Designer Tom Ford from the documentary by Alex Folzi

FW:  What words of wisdom or inspiration, or daily affirmation do you live by, or at least strive to live by? And what legacy do you hope to leave to the future and why?

JM:  I hope people will simply think “Jason Miller was a good designer” when I’m gone. That is why I constantly ask myself, “Can this be done better?”

Jason Miller wooly chair of bison hide

Photographer Robb Kendrick’s Cowboy Classics at Ralph Lauren RRL

Tintype Expert, Photographer Robb Kendrick

I swear, I’m movin’ to Montana soon. Gonna be a dental floss tycoon. Well, that’s “Montana,” according to Frank Zappa.

But seriously. I’ve never seen so many chic cowboys as I did at last week’s book signing party for photographer Robb Kendrick. The Ralph Lauren RRL boutique on West Broadway became the crossroads of Chelsea gallery walk meets Madison Avenue meets Bad Dog Ranch. The ultra-talented artist, above, looked like a gentleman cattle baron version of one of his gussied-up cowpoke subjects straight out of Still: Cowboys at the Start of the 21st Century, Robb’s tintype artwork photography book featuring the modern American cowboy. These cowboys were all Continue reading

Artist Joy Malin on FW’s Friday:5ive

Our sweet neighbor, Joy Malin, is an artist who most recently has discovered her amazing talent for animal portraits. We’ve seen her over the years, taking canvases of gorgeous florals or figures in and out of the building, sending off her masterpieces in the back of her clients’ cars, conducting art classes in the park and in her apartment.

We mostly see her walking her amazing little guy, Charlies, the cutest little Yorkie you’d ever want to meet, around Tompkins Square Park. Joy and Charlie always have an ebullient hello for Mignon.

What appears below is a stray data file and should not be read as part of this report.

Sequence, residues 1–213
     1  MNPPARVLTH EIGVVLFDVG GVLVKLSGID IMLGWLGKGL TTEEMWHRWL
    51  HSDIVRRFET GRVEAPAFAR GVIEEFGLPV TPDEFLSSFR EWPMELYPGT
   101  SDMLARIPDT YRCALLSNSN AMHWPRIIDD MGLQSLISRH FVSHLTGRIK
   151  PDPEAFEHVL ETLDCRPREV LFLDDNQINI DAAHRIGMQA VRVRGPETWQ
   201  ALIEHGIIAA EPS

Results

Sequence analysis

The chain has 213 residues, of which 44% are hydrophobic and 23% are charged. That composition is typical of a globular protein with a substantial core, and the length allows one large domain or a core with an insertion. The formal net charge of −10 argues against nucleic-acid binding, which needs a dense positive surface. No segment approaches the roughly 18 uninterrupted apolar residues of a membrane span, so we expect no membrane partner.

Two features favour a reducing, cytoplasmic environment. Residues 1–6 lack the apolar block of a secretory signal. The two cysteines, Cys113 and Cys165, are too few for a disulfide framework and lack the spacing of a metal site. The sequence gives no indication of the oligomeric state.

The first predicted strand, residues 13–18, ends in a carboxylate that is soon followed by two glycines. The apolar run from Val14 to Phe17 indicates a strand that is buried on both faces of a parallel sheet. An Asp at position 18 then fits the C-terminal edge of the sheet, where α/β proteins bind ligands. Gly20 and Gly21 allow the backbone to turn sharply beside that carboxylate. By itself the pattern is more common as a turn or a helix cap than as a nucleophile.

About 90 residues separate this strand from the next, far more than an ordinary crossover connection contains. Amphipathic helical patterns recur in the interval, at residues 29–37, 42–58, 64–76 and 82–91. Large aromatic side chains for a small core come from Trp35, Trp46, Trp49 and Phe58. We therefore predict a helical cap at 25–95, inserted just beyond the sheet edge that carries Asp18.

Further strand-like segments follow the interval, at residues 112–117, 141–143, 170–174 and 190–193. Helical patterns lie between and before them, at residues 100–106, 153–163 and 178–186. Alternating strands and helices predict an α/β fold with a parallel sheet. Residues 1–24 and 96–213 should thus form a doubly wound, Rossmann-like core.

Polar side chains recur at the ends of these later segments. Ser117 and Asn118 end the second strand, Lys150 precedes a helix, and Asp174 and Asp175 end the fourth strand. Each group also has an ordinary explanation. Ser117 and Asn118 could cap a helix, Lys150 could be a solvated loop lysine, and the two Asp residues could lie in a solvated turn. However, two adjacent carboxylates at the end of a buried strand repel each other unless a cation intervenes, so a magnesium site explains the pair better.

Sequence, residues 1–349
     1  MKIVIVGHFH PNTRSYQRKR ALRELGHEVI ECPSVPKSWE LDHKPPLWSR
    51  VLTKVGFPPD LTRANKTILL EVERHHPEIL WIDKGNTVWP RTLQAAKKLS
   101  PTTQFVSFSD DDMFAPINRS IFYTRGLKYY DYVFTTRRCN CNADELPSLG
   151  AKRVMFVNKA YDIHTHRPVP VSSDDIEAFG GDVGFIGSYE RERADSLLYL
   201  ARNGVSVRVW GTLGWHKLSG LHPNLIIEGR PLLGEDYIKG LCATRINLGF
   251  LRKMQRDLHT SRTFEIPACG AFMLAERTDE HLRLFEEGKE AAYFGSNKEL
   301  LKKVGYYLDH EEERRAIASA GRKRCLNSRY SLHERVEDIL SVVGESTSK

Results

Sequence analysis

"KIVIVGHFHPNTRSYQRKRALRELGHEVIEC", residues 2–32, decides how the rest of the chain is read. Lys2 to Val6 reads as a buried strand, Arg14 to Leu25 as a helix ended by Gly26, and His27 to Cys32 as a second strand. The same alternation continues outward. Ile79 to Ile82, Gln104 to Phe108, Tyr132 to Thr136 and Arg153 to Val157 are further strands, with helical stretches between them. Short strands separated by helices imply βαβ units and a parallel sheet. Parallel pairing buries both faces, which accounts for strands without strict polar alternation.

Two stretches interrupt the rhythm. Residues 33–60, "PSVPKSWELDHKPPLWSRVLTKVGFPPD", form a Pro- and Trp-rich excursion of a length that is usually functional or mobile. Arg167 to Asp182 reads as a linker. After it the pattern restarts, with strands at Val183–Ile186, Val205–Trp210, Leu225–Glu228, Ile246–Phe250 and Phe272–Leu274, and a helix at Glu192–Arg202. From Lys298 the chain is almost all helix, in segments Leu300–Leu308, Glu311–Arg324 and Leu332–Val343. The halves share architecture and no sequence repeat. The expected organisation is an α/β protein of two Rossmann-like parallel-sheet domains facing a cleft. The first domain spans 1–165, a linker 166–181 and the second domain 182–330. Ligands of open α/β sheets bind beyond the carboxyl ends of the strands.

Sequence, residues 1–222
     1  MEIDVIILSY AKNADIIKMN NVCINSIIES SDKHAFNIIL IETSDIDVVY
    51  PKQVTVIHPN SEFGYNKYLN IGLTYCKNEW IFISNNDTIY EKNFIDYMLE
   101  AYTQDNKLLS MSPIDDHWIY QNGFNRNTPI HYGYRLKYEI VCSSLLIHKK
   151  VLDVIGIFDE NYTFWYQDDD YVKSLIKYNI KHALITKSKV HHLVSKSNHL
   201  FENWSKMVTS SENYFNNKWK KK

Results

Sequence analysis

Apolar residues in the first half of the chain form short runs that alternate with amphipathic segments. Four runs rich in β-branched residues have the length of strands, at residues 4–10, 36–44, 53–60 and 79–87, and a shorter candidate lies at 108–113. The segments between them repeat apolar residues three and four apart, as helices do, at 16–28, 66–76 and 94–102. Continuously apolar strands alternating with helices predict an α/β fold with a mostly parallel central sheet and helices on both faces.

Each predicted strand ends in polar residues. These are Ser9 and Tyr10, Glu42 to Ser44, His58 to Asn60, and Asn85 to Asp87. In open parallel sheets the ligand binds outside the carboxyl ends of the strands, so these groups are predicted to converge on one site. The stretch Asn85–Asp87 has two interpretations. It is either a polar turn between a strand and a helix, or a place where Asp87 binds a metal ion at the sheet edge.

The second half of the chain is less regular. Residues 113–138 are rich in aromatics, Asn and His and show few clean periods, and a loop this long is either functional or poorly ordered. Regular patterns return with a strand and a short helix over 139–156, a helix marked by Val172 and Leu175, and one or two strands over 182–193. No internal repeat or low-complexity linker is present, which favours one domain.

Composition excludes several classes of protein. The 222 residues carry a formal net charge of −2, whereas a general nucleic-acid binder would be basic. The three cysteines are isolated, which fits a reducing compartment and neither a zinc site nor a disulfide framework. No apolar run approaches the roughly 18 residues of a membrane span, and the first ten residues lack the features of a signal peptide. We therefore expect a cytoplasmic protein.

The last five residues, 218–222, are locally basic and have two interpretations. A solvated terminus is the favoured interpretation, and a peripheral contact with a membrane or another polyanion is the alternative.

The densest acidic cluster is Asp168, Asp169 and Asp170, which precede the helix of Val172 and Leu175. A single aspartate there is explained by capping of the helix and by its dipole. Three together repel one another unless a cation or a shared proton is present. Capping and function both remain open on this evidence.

Artist Joy Malin and Charlie on the subway

Her darling “child” (she does have three
human children, too!), Charlie, is with her practically everywhere she goes. Most of you know how much FashionWhirled adores its doggie friends and to have them intersect with art, well, it’s almost too much!

Here, a little Friday:5ive visit with the lovely artist Joy Malin.

FashionWhirled:  What role does style, or fashion, play in your life as an artist? How does your personal style inspire the style of your animal portraits?

Joy Malin:  I’m a very simple-looking girl from the outside.  I’m always in black, an old gallery trick, making the art the most important thing in the room.  It is another thing when you walk in my apartment.  Lots of color, lots of fabric layering and not one more inch for another painting!  I like pretty!  I hope my animal portraits all have a little pinch of humor.

Two of Joy Malin’s Floral Series, above and below, that remind me somewhat of Maxfield Parrish

FW:  What made you first realize you wanted to be an artist? When did animal portraits come into that equation? 

JM: The first memory I have of really falling in love with life was walking through a museum somewhere in Europe. Holding on to my grandmother’s hand, feeling the cool marble floor and seeing the most beautiful things in the world surrounding us.  I was lucky to have a grandmother who loved art, and me!  My visits to Geneva to see her and traveling around Europe were all too few and far between. But they were enough to light that fire within me, I knew who I was and what I really loved.  Animal portraits were always in the equation, I think most of the incarnations I have had have been to experience life as a dog!

FW: Who is the muse or inspiration for your art? Do you see your animal portraits as fashionable accessories to a fashionable home? Why yes or not?

JM: The inspiration comes from nature, light and shadow, beautiful color, something that sings “mother earth”.  My muse is every wonderful dog I have ever known.  The unconditional love I am now experiencing from my dog Charlie shows me what love is.  Now that you mention it, I guess I do see my animal portraits as part of a fashionable home.  Without heart, how fashionable can a home be?

FW:  If you could have any notable individual — animal or human, dead or alive — sit for one of your portraits, who would that be and why?

JM: My grandmother, I wish I could thank her again.  Cleopatra, beauty, brains and a great wardrobe!

A painting from Joy’s Figures series

FW:  What words of wisdom do you live by, or strive to live by? What legacy do you hope to leave to the future?!

JM: Smile, you’re forgiven! My legacy, my children.